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St Helena Day

St Helena Island celebrates 513th birthday

On Thursday, 21 May Saints and visitors flocked to Jamestown to enjoy the biggest birthday party of the year – that of the Island itself. The island was discovered on 21 May 1502 by the Galician navigator Joao de Nova. He named it “Santa Helena” after Helena of Constantinople, the mother of the emperor Constantine <a class="read-more-link" href="">Read More</a>

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Rope up from Lots Wifes Ponds Tricia Hayne

The top 5 attractions on St Helena

Experienced British travel writer, Tricia Hayne, visited St Helena in March to update the Bradt travel guide. Here she shares her thoughts on St Helena’s highlights. For such a small island, St Helena’s got an awful lot going for it, but I reckon I’ve got it sussed: start at the top and work your way <a class="read-more-link" href="">Read More</a>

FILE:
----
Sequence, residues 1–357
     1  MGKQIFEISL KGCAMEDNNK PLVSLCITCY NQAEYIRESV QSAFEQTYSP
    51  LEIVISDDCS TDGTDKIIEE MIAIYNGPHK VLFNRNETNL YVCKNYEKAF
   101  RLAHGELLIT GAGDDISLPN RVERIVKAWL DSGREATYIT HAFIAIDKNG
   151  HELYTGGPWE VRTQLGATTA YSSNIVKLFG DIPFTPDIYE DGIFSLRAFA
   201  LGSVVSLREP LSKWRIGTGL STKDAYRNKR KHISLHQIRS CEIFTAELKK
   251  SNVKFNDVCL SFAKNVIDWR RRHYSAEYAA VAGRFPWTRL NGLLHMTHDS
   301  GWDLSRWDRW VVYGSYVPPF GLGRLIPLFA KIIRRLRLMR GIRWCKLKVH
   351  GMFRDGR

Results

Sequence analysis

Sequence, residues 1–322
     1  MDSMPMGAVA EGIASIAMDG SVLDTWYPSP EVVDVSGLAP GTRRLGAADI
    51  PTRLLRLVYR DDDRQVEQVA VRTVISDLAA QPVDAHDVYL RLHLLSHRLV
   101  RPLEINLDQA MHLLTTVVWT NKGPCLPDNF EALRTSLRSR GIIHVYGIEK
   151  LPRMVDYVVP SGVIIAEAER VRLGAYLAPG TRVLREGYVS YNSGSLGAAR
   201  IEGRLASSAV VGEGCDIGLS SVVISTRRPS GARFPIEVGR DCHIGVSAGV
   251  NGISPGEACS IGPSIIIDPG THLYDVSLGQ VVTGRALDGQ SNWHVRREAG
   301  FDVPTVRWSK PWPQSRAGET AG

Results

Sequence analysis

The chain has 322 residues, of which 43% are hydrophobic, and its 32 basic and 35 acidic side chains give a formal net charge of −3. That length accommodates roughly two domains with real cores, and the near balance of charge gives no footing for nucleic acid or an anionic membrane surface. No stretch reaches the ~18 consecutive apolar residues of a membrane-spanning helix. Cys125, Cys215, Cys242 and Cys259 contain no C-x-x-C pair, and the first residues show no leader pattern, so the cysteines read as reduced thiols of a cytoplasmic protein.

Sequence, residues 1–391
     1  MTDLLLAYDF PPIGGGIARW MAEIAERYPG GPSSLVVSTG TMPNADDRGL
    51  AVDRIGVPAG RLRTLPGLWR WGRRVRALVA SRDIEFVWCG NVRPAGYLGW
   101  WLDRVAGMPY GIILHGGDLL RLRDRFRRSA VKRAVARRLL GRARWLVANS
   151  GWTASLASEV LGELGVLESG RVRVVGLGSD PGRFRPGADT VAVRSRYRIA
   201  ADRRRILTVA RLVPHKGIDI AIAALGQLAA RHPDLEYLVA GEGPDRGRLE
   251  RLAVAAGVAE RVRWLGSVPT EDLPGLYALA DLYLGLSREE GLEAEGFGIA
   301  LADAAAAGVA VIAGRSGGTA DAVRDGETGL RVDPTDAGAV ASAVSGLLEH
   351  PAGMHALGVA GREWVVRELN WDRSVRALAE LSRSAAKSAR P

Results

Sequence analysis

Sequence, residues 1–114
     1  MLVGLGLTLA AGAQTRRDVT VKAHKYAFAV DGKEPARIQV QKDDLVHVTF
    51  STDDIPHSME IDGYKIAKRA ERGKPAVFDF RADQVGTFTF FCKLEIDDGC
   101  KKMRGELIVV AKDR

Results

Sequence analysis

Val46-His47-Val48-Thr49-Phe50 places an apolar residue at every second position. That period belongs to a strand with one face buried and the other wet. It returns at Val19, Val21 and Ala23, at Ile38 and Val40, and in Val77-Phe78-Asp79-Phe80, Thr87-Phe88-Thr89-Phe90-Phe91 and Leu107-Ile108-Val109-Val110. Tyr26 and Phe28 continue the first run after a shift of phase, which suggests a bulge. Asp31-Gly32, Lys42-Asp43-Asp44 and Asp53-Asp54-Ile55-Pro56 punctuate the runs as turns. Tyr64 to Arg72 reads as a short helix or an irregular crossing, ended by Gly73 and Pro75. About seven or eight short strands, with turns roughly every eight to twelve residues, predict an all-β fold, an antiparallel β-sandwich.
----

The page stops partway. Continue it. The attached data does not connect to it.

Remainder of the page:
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Walking with Donkeys on St Helena

International Donkey Day: 8th May 2015

This week’s post comes courtesy of Ceri Sansom: There are so many unnecessary ‘international’ days for issues that normally I let them pass without notice.  However, this one did catch my attention, because of its relevance to St Helena and is a story in two parts – the importance of donkeys in St Helena’s history <a class="read-more-link" href="">Read More</a>

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Napoleon Moment de Memoire

Death of Napoleon commemorated with the ‘Moment de Memoire’

St Helena Island, a tiny dot in the South Atlantic Ocean and one of the most remote inhabited islands in the world, has played host to a surprising number of famous (some might say infamous) historical figures throughout its history. Arguably its most famous resident was Napoleon Bonaparte who died on St Helena on 5th <a class="read-more-link" href="">Read More</a>

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